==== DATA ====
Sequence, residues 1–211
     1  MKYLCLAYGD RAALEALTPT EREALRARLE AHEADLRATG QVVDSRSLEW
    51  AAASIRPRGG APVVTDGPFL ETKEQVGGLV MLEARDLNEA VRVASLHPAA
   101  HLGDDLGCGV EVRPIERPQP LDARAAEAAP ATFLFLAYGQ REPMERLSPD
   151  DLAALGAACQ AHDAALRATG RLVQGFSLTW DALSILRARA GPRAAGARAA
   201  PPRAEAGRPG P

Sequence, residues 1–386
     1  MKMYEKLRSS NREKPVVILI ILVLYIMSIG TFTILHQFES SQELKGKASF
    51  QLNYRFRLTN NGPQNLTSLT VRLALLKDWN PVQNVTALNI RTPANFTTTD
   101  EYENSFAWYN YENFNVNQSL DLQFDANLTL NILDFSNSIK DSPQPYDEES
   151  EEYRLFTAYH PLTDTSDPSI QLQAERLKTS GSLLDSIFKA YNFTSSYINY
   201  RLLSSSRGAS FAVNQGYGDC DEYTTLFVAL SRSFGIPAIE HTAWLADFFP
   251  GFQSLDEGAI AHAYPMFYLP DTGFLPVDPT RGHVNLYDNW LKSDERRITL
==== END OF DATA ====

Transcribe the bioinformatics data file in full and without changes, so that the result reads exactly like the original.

Sequence, residues 1–211
     1  MKYLCLAYGD RAALEALTPT EREALRARLE AHEADLRATG QVVDSRSLEW
    51  AAASIRPRGG APVVTDGPFL ETKEQVGGLV MLEARDLNEA VRVASLHPAA
   101  HLGDDLGCGV EVRPIERPQP LDARAAEAAP ATFLFLAYGQ REPMERLSPD
   151  DLAALGAACQ AHDAALRATG RLVQGFSLTW DALSILRARA GPRAAGARAA
   201  PPRAEAGRPG P

Sequence, residues 1–386
     1  MKMYEKLRSS NREKPVVILI ILVLYIMSIG TFTILHQFES SQELKGKASF
    51  QLNYRFRLTN NGPQNLTSLT VRLALLKDWN PVQNVTALNI RTPANFTTTD
   101  EYENSFAWYN YENFNVNQSL DLQFDANLTL NILDFSNSIK DSPQPYDEES
   151  EEYRLFTAYH PLTDTSDPSI QLQAERLKTS GSLLDSIFKA YNFTSSYINY
   201  RLLSSSRGAS FAVNQGYGDC DEYTTLFVAL SRSFGIPAIE HTAWLADFFP
   251  GFQSLDEGAI AHAYPMFYLP DTGFLPVDPT RGHVNLYDNW LKSDERRITL